I decided two years ago, after reading the book “Breaking Busy,” which I am obsessed with, that I would go back to a paper planner instead of using the calendar on my phone. I found a beautiful one that I carried with me wherever I went, and last fall I replaced it with the same brand and style but a different color scheme.
Only, unlike the first version, this one malfunctioned almost immediately. Only about one month in and the paper started coming off the rings. I should have brought it back to Barnes and Noble and gotten a replacement, but I had already filled it out for the year so I just kept putting it off.
As I look at my planner now, I think it may have been prophetic. It is indeed broken, difficult to use, and more of a pretty thing to look at than something I need. And only recently have I realized how deeply this has impacted my spiritual and emotional health.
I am a woman with a plan, and whether it is my family life, meal planning for the week or my professional life, planning programming and sermon series in advance, I love the rhythm of making a plan and watching it unfold.
Jeremiah 29:11 says: For I know the plans I have for you, declares the Lord, plans to prosper you and not to harm you, plans to give you hope and a future.
Our Associate Minister preached the heck out of this text last Sunday. She reminded us that this text was spoken to a people in exile who were just told that they had to stay in place for a while longer. Not just a while, though, they were supposed to start families and build houses and plant gardens in this new land. Generations would be stuck in this place they couldn’t exit soon enough.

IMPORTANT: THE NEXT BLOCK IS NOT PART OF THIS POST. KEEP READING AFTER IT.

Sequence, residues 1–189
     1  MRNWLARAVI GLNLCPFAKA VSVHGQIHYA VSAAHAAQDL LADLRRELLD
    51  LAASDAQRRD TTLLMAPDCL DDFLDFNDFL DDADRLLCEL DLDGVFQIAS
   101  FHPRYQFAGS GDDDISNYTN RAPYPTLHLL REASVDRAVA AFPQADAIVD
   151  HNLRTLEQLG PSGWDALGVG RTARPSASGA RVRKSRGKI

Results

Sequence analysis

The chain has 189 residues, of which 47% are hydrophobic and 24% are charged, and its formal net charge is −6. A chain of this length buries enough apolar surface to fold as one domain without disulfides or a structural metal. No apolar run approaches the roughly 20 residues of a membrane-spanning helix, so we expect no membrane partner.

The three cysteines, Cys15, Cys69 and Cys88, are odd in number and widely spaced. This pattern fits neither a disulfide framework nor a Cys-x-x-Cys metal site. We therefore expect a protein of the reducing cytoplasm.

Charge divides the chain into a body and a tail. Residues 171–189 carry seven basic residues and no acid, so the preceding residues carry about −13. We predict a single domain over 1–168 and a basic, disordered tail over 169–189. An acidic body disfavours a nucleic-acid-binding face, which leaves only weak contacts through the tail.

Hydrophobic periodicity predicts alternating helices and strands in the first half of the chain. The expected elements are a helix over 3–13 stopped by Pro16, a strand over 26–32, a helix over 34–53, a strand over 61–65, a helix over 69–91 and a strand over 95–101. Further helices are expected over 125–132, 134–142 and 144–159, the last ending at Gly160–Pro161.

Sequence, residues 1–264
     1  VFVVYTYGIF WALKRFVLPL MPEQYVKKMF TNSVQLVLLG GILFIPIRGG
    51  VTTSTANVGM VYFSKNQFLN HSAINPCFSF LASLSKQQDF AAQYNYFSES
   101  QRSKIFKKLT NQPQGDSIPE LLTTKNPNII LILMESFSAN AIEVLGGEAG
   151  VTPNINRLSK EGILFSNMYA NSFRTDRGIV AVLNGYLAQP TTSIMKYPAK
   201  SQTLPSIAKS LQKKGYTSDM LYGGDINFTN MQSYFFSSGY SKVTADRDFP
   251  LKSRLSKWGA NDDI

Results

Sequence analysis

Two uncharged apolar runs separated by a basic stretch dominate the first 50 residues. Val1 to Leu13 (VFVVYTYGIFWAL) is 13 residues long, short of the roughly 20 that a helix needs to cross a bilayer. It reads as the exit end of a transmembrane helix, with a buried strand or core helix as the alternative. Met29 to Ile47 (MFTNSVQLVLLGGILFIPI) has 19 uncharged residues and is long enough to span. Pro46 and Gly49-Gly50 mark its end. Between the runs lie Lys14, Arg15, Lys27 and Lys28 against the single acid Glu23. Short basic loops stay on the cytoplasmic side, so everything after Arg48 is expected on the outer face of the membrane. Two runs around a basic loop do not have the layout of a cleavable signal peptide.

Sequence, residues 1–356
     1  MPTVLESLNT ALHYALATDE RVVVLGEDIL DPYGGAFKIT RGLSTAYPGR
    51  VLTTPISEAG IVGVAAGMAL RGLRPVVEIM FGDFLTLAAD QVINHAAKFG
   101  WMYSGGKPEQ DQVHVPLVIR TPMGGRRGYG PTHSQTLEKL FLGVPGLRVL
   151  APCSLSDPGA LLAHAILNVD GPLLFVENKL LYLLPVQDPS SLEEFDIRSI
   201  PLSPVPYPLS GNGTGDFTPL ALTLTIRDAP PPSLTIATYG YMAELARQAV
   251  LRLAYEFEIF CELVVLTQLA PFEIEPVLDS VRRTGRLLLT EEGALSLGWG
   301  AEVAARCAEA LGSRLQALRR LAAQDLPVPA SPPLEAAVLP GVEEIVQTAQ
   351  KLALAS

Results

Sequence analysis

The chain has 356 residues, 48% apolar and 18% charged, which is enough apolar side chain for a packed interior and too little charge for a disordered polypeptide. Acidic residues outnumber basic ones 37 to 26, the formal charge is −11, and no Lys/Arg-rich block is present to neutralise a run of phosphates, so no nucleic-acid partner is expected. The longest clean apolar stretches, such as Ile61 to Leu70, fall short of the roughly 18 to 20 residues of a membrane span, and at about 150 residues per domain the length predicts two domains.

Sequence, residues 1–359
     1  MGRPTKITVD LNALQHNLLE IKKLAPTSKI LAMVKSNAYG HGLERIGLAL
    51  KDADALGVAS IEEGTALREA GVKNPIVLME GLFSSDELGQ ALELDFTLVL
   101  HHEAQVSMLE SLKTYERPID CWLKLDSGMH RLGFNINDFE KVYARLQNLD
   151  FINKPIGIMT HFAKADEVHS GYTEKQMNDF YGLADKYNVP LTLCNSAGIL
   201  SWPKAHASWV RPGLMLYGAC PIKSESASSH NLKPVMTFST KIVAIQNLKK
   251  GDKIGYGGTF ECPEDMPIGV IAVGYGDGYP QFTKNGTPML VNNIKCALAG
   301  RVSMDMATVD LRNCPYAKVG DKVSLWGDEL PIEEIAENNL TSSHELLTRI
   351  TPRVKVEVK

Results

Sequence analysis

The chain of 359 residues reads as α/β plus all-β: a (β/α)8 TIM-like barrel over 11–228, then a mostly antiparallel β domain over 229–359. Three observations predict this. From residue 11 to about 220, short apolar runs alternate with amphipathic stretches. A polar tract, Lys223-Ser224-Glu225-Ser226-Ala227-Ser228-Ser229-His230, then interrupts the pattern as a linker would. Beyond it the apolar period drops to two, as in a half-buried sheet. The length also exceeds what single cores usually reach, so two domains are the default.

Reverend John Lee Jr. taught on this scripture in the last in-person church event we had, saying the people were probably like, “If you would have just told us to rent, OK, but really, God?! Get a mortgage?? Here?!”
At the beginning of this thing I felt grounded. I felt the tiniest sense of control because we could plan online worship and check on our people and stay home and nest with our families.
But if I’m honest, I have lost a lot of what motivated me early on. Now I can’t plan what church will look like in six months. I am tired of cooking and I’m ready to go home to the creature comforts I’m used to.
I finally got honest with God and myself recently about how I was feeling, so I brought it up with my counselor who reminded me, “You have to take this one day at a time. And make a list of what you want to do when this is over, because there will come a day when this is over. Hope is essential. Don’t lose it.”
Plans to give you hope and a future… Thanks Counselor Connie… I know someone else who said that.
Friends, if you are a control freak like me, things have been hard, but they may feel even harder as we live into a new new normal. (New normal was shelter in place. New new normal is the cluster of the world trying to figure out how to re-engage while Covid-19 is still around.)
So, yes, there are many things we cannot plan for. But there are also many things we can trust in and hope for. And also, by the way, our God has this crazy way of re-routing our plans in the biggest and most beautiful ways.
On a call with our ministry team this morning I said, “It feels like we want and need each other now more than ever, but we are all just sick and tired of Zoom calls. It seems like we are called to dig deeper into our faith on a personal level right now.”
So we decided that we would put together a self-guided Sunday school devotional booklet for the summer.
There is so much we don’t know. But, church, here is what we do know: as Jen Hattmaker said “The things that matter will last.” Programs will not go on as normal. Worship looks different. Life is getting boring. But maybe God is positioning God’s self to show up when we least expect it. I’m going to follow Counselor Connie’s wisdom and try to regain my grip on the hope my faith is founded on.
Want to join me?